"Hollywood tried to shut me out," Hayes lamented years later. "It took some guys to allow me to be nominated: Quincy Jones, J.J. Johnson, Henry Mancini and Dominic Frontiere fought for me to get that nomination." Hayes ultimately claimed the Academy Award for "Theme From 'Shaft,'" a defining moment for popular musicians with hopes to break into the movie industry. "It put me in another league," Hayes acknowledged to Jon Burlingame in 2005. "I was an R&B artist, doing my thing, and then I started scoring movies. It was a blessing in disguise."

Then just 29 years old, Hayes was also the first Black musician to win an Oscar for his song, opening the door for generations to follow. Curtis Mayfield was suddenly composing Super Fly, and Marvin Gaye was working on Trouble Man. In some cases, the music from subsequent blaxploitation films became more famous than anything ever shown onscreen. "It was the achievement of his life," Isaac Hayes III told Variety, "coming from poverty the way that he did, and the struggles that he had. Shaft was something otherworldly for a kid from Memphis, Tenn., that picked cotton, worked in a hog factory and got all the way to the Academy Awards. As a Black man, in 1971, it was incredible."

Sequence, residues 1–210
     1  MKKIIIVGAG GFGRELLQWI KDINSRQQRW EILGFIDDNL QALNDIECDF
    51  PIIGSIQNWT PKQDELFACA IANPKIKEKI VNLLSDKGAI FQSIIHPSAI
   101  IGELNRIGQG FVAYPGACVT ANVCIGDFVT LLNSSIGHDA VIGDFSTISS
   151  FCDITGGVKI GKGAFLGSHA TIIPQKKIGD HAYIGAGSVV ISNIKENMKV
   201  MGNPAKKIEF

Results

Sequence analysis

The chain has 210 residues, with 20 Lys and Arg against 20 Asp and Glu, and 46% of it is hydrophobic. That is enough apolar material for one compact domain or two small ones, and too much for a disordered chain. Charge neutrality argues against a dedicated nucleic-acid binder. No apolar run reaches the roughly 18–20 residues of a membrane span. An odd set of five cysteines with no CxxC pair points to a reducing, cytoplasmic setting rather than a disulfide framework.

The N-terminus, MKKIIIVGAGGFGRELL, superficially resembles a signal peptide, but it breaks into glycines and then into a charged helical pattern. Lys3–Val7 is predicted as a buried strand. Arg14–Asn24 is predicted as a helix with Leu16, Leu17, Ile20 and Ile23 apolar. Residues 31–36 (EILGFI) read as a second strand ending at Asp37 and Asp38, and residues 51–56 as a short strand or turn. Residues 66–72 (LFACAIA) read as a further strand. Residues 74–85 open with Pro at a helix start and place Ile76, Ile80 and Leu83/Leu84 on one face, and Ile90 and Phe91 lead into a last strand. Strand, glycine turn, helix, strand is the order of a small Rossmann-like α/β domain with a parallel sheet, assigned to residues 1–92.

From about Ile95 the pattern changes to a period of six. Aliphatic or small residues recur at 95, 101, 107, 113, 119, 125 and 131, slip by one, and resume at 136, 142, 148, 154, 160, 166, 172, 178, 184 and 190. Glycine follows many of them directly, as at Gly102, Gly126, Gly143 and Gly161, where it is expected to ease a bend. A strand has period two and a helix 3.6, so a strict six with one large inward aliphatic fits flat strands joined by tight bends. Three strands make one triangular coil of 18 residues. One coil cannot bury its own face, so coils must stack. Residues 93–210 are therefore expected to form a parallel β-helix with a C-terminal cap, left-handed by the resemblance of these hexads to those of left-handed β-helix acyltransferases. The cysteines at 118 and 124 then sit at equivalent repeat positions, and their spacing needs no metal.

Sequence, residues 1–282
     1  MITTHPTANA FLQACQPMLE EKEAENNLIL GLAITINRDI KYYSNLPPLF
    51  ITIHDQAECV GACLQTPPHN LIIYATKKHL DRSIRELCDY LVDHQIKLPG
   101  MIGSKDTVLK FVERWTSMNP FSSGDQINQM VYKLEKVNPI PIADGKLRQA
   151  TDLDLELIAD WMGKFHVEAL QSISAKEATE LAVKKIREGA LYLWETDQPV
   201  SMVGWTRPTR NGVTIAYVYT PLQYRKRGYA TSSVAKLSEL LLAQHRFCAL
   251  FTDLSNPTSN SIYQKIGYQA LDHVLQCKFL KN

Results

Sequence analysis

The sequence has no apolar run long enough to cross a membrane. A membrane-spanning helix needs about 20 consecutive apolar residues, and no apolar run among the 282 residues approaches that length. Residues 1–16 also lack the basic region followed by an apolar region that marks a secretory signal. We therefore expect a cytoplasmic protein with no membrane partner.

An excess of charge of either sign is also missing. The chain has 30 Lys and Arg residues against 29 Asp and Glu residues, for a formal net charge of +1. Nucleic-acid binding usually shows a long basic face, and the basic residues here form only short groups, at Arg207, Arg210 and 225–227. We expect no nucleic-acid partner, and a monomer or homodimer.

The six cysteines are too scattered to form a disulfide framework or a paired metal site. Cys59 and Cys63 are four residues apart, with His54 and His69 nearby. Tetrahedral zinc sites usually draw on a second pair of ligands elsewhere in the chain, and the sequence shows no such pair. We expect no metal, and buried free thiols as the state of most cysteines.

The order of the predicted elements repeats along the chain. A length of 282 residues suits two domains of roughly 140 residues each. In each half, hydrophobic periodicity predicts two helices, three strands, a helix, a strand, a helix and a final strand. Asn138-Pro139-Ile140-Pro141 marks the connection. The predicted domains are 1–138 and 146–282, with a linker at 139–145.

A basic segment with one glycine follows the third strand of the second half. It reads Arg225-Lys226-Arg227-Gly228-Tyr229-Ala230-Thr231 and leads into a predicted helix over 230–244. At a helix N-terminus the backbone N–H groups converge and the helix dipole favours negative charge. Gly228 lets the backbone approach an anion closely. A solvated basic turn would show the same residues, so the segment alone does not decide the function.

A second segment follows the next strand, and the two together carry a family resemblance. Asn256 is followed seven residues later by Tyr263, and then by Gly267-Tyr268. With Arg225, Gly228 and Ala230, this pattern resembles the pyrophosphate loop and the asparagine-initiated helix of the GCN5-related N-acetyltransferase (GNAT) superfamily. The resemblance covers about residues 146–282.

He followed Shaft with the Top 10 smash Black Moses later in 1971 but never again reached the top of the pop charts. Hayes' next two albums (1973's Joy and 1975's Chocolate Chip) were gold sellers, but they barely squeaked into the Top 20. After that, he never got higher than the 1979's No. 39 hit Don't Let Go. Hayes took it all in stride, rebuilding his career several times after divorce and bankruptcy. "If you cherish the fragrance of a rose," Hayes told the San Francisco Gate in 1975, "you must accept the thorns." (Hayes died in 2008.)

Shaft provided a wellspring of cultural relevance and cash revenue over the years, even as the title track eclipsed much of Hayes' other worthy achievements. It's been covered and sampled, morphed into disco songs and remixes, and powered new soundtracks, commercials and political campaigns. A 2000 remake of the film by John Singleton opened with Hayes' "Theme From 'Shaft'" before making way for more contemporary figures like R. Kelly and Heavy D.

By then, Hayes had come to terms with his biggest hit. "I'm kind of removed from it now," Hayes told Entertainment Weekly in 1995. "I can finally enjoy 'Shaft.' In fact, I listened to it two days ago and said, 'Damn, that's fresh!'"